August 24, 2017

OPINION: Stabilising and creating confidence in Lao kip

By:  Somsack Pongkhao, Vientiane Times, August 24, 2017

VIENTIANE - Over the past decades, the Bank of the Lao PDR has tried to conduct stronger campaigns to encourage Lao people to use kip in trade exchange including displaying the prices of products in the nation’s own currency.

The move aimed to create awareness for people to use the kip in financial transactions instead of using foreign currencies, particularly Thai baht and US dollar.

Nevertheless, the implementation of the scheme has not always been succeeded as many traders continued to accept those foreign currencies when selling their products.

Unlike other foreign countries, traders would ask their customers to make an exchange and pay them in local currencies.

In Laos, many people are still wondering why prices of land plots and other properties are offered for sale in Thai baht and US dollars despite the fact that those properties are not linked to import and export businesses which required foreign currencies for trade or exchange.

In addition, many cars, houses for rent and hotel rooms are also being priced in US dollar or Thai baht.

A question raised: Why owners don’t charge their customers in Lao kip? Will we see contravention of these laws proceed with apparent impunity?

Perhaps entrepreneurs want to charge in foreign currencies since they don’t need to carry large sum of money. Secondly they might want to keep foreign currencies for importing goods including vehicles.

For instance, Laos shares long border with Thailand. Many Lao people particularly those in Xayaboury and Bokeo province prefer to keep Thai baht so that they can cross border to buy goods in Thailand easily.

Although the government tries to build confidence in the kip and reduce the use of foreign currencies, it is no easy task.

Stable over recent years, confidence in the kip last faced a considerable downswing when it saw a sharp depreciation against the US dollar and Thai baht during the Asian financial crisis of 1997-1998.

Many more works need to be done with regards to the use-of-Lao kip campaigns to improve the confidence for Lao people and their trading partners to use their own currency.

Dubbed as an import-dependent country, Laos is located at a geographical crossroads in Southeast Asia. The country is influenced by exchange with neighbouring countries which require currency to exchange for goods.

Bankers have attributed the depreciation of Lao kip to the market principle of supply and demand, as more and more people are demanding foreign currencies to import goods from other countries while foreign currency reserves in Laos are falling.

The falling foreign currency reserves forced the central bank to stricter control foreign currencies in a move to stabilise exchange rates and sustain the economic growth.

According to BCEL exchange rates on August 18, US$1 bought 8,268 kip, and sold for 8,308 kip. One baht bought 249.54 kip, and sold for 251.4 kip.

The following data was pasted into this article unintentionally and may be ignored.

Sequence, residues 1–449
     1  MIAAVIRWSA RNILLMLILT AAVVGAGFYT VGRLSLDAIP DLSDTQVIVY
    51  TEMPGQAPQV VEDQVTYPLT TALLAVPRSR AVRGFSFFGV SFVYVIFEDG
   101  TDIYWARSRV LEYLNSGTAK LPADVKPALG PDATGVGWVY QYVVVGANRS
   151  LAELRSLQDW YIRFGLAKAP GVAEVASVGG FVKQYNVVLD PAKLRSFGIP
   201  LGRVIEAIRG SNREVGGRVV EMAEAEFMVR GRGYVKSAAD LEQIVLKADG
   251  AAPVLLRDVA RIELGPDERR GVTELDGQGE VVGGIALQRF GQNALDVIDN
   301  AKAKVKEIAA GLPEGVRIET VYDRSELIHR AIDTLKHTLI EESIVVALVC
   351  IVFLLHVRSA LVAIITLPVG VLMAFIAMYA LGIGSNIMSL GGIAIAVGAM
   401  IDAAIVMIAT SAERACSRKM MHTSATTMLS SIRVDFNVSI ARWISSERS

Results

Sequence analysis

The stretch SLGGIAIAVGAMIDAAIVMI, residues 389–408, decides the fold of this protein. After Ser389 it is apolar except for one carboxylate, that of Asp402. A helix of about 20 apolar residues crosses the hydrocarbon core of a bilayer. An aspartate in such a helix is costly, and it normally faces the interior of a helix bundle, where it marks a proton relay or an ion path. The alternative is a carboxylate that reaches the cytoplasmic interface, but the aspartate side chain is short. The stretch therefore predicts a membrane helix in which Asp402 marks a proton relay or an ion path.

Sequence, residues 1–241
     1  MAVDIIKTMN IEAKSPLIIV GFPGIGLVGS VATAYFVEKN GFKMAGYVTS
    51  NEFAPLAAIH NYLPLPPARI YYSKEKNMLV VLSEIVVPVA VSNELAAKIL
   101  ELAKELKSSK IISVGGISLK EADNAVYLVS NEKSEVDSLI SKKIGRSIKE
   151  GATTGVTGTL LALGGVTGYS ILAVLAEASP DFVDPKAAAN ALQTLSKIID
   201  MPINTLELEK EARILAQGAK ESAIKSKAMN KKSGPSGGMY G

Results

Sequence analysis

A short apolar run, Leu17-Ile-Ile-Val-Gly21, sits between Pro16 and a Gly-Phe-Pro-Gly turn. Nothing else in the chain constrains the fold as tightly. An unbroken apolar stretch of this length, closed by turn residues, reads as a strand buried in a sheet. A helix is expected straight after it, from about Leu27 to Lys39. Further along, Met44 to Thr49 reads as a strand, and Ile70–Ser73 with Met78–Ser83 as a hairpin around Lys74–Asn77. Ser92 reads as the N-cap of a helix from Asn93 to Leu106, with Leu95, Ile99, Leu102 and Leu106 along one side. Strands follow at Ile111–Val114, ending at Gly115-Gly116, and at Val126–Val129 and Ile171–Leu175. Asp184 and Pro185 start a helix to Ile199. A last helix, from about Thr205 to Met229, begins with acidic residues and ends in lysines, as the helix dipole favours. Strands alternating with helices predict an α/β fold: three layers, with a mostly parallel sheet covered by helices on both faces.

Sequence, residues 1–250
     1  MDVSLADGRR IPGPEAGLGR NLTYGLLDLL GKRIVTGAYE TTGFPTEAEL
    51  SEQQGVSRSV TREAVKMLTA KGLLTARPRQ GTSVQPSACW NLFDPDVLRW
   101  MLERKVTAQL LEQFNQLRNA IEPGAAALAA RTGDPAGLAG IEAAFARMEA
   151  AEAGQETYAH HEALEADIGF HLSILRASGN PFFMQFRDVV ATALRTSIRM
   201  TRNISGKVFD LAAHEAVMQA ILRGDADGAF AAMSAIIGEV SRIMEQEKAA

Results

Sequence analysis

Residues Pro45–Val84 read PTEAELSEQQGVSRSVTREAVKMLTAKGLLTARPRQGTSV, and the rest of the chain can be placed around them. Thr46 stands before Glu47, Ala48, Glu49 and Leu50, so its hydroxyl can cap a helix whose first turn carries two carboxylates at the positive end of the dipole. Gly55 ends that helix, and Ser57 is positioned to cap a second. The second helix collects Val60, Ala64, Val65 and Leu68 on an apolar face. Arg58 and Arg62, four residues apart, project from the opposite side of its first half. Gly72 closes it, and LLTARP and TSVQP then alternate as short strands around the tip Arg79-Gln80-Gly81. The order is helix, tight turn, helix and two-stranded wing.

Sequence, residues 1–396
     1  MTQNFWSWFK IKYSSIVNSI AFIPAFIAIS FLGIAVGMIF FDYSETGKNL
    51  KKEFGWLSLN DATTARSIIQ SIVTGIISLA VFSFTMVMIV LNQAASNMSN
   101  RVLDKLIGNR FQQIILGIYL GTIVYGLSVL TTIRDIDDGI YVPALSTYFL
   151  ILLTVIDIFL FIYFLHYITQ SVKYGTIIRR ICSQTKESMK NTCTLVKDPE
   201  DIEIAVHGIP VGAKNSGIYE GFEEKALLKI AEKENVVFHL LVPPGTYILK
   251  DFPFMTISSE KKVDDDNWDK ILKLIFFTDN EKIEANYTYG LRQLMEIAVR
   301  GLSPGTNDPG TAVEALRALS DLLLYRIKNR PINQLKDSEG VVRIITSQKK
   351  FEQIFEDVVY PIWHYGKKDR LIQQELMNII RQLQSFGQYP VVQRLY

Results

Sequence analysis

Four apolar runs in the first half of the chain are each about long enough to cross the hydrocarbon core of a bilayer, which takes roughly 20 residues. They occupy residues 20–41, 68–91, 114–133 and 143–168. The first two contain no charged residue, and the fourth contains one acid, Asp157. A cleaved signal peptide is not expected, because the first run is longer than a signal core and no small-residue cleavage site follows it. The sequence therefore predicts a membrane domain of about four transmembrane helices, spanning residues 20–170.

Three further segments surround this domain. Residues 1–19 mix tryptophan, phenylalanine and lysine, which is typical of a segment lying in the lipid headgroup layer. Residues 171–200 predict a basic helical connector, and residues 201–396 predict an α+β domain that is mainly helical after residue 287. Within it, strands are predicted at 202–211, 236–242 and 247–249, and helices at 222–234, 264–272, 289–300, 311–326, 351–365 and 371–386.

Nevertheless, the black market sell a US dollar for 8,500 kip and one baht for 270 kip respectively, sparking concerns that currency fluctuation could push up prices of products and fuel inflation.

Many commercial banks are willing to buy Thai baht and US dollars but they are reluctant to sell those foreign currencies, a cause of increasingly strident complaints from member of the public.

According to a report from the Bank of the Lao PDR early this month, Laos has sufficient foreign currency reserve notably Thai baht and US dollar to import goods for 4.14 months (lower than the target of five months).

There are a number of issues to deal with.

One is to boost exports and reduce imports of those goods that Laos can produce.

Second is to attract more investment to Laos by creating incentives and improving business environment so that more investors invest more US dollar and Thai baht to Lao enterprise and activity.

It’s also critical to ensure that investors are confident in the stability of the kip so they bring in the currency the country so sorely needs.

Third is to introduce a kip-payment electronic system, requiring people to pay for goods at shops or supermarkets in local currency. Such electronic payment systems also help address corruption.

It’s also vital to enforce the laws properly and crack down on illegal activities and ensure that more financial transactions can be done through the banking system.

Tourism is another sector that brings significant foreign currency to the country so tourism development and campaigns are important to ensure international visitors know about Laos and want to visit.

If there is a mechanism that foreign currencies are given priority to supply main importers, and these importers accept local currency, the currency fluctuation could also be minimised.

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